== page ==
Divorce Online: 15 Percent of Divorces Due to Game Addiction

May 31, 2011 -

Divorce Online, a website dedicated to getting rid of that dead weight in your marriage, claims that 15 percent of the divorces it has handled can be attributed to spouses that are addicted to online games such as world of Warcraft and Call of Duty.

According to a press release issued by Divorce Online, an examination of 200 unreasonable behavior petitions filed by women using its service between January - April of this year found that 15 percent complained that their husbands were happier playing video games than they were paying attention to them. They called their "gaming addiction" an unreasonable behavior that lead to the divorce they were seeking.

The release also offers comments from one disgruntled 21-year-old wife from London named Jessica Ellis, 24, who married husband Michael in 2008.

"He was addicted to World of Warcraft but played other games now and then," said Jessica. "When it became serious he was playing up to eight hours a day and I threatened to leave. He then stopped playing World of Warcraft for a while and started playing Call of Duty instead but the amount he was playing just gradually increased until I could not take it anymore. It got so bad that he even organised to play on the day of our second wedding anniversary as we had decided to go out at the weekend instead. I was constantly trying to get him to cut back but he didn't think he had a problem or was doing anything wrong until I told him I wanted to leave but by that time it was too late.”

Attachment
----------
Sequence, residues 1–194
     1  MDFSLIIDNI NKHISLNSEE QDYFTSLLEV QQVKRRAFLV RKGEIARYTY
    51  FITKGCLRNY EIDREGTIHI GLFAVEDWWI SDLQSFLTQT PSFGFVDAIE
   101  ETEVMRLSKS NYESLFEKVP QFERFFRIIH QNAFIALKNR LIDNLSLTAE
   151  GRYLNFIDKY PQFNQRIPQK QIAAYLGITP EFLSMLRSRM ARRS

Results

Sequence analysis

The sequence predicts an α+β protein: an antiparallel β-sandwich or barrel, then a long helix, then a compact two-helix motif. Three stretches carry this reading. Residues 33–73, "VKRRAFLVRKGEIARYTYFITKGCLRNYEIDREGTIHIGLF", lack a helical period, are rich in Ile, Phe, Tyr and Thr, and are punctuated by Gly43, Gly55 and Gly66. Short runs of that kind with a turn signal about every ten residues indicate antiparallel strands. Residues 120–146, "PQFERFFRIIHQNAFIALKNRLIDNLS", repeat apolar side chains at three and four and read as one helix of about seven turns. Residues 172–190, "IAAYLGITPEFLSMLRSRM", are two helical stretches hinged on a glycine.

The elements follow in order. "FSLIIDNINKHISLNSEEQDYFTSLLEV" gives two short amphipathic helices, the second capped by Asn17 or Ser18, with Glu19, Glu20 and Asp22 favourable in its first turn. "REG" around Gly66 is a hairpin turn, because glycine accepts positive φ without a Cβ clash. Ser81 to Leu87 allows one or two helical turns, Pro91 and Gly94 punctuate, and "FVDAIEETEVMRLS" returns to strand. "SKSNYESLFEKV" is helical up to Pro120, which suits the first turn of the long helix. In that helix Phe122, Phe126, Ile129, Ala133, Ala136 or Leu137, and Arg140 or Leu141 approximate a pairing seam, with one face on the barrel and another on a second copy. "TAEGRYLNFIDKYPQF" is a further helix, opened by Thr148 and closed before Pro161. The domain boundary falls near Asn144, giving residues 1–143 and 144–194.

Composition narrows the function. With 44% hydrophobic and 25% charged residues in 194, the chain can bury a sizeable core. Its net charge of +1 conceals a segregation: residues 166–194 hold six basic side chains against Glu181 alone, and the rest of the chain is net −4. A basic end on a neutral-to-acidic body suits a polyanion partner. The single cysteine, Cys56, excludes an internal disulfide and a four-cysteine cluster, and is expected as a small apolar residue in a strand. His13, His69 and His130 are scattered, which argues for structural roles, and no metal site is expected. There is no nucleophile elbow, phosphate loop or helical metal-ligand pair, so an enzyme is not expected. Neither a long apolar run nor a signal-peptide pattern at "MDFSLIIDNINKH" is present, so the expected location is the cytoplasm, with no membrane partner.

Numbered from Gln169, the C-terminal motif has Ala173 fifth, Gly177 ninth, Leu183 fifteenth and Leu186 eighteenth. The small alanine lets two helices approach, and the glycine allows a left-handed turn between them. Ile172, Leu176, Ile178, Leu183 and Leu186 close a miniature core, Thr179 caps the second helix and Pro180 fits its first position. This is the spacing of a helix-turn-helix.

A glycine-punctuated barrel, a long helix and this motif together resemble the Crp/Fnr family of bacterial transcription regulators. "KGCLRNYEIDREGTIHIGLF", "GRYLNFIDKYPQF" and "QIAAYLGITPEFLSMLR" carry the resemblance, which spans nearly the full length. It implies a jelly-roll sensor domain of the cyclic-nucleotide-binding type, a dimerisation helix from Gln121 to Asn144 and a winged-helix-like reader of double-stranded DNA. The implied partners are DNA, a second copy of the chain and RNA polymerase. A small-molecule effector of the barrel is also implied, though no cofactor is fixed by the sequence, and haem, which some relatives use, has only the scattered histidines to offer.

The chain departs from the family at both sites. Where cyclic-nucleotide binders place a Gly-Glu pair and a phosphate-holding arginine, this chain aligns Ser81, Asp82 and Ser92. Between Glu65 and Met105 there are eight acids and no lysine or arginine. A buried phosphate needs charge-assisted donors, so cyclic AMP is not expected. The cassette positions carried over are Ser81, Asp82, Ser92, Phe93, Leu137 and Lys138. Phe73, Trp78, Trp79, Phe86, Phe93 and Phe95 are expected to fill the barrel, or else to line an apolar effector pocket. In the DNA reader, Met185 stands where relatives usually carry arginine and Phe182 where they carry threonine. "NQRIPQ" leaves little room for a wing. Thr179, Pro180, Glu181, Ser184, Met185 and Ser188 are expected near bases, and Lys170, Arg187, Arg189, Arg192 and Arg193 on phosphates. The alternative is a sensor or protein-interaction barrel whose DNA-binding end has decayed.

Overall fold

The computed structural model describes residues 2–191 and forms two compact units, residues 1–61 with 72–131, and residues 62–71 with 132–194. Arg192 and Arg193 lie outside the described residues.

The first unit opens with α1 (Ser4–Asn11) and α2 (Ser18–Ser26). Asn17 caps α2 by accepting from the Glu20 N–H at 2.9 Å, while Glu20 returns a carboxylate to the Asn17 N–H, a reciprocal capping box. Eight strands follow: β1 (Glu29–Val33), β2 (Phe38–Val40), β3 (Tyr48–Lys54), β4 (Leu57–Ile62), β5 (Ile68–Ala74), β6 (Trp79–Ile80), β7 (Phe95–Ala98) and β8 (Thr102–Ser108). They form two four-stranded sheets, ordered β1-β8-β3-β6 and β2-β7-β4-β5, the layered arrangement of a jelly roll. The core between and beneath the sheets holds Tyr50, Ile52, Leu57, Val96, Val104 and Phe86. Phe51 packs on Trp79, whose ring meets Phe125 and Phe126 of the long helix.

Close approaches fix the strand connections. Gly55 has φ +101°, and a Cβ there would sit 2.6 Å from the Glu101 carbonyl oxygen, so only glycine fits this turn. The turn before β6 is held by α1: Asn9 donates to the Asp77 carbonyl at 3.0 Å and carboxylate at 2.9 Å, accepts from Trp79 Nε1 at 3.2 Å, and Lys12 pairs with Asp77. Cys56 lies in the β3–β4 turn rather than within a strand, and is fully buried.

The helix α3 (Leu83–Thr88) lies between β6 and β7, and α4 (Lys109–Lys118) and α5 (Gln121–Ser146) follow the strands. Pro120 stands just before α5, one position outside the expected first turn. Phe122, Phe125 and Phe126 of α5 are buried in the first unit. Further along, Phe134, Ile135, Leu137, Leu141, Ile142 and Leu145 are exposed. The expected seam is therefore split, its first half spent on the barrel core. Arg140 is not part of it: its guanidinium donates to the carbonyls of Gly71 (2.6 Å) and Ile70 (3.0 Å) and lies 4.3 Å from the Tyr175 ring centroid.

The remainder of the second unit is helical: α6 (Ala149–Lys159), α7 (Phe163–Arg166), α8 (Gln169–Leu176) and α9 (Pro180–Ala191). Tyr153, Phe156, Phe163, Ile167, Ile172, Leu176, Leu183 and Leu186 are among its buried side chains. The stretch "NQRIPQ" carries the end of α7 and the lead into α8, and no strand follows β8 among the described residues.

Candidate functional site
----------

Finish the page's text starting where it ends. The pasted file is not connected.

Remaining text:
They also tap professional game addict Ryan G. Van Cleave, who you may know from his book "Unplugged: My Journey Into The Dark World Of Video Game Addiction." The book is about how Ryan lost everything to his extreme addiction to World of Warcraft.

“A lot of the problem spouses encounter with video game addiction is that the non-gamer doesn't appreciate that it's an addiction," said Van Cleave. "This means it's not a choice to spend so much time in a virtual environment versus time with the spouse and family. It's a compulsion. Trying to explain video game addiction to a non-addict is a lot like trying to explain to a fish what it's like to drive a car. It's no surprise that ‘gamer widows’ feel so insulted and disrespected that the most common advice given in gamer widow chat sites and websites is ‘Run for your life.’ The reality is that with the proper professional support, a video game addict, like any other type of addict, can overcome the addiction."

"The increase in the number of video game addiction cases could be a consequence of the recession, or it might be being used by men in particular as a means of escape from an already unhappy relationship," Mark Keenan, Managing Director of Divorce Online.

Divorce Online is a do-it-yourself uncontested divorce website in the UK and has helped more than 68,000 couples file their own divorce proceedings without needing lawyers. For more information on Divorce Online, visit www.divorce-online.co.uk.